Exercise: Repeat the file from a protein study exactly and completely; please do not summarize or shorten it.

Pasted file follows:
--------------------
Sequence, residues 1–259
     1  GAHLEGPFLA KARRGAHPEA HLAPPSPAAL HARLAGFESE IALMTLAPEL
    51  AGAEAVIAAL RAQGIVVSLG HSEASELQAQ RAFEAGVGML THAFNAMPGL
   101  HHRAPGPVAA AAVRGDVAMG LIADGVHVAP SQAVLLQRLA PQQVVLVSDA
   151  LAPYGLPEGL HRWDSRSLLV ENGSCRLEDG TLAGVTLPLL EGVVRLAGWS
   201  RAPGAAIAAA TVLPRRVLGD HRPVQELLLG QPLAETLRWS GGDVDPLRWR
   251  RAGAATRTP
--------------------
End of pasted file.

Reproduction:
Sequence, residues 1–259
     1  GAHLEGPFLA KARRGAHPEA HLAPPSPAAL HARLAGFESE IALMTLAPEL
    51  AGAEAVIAAL RAQGIVVSLG HSEASELQAQ RAFEAGVGML THAFNAMPGL
   101  HHRAPGPVAA AAVRGDVAMG LIADGVHVAP SQAVLLQRLA PQQVVLVSDA
   151  LAPYGLPEGL HRWDSRSLLV ENGSCRLEDG TLAGVTLPLL EGVVRLAGWS
   201  RAPGAAIAAA TVLPRRVLGD HRPVQELLLG QPLAETLRWS GGDVDPLRWR
   251  RAGAATRTP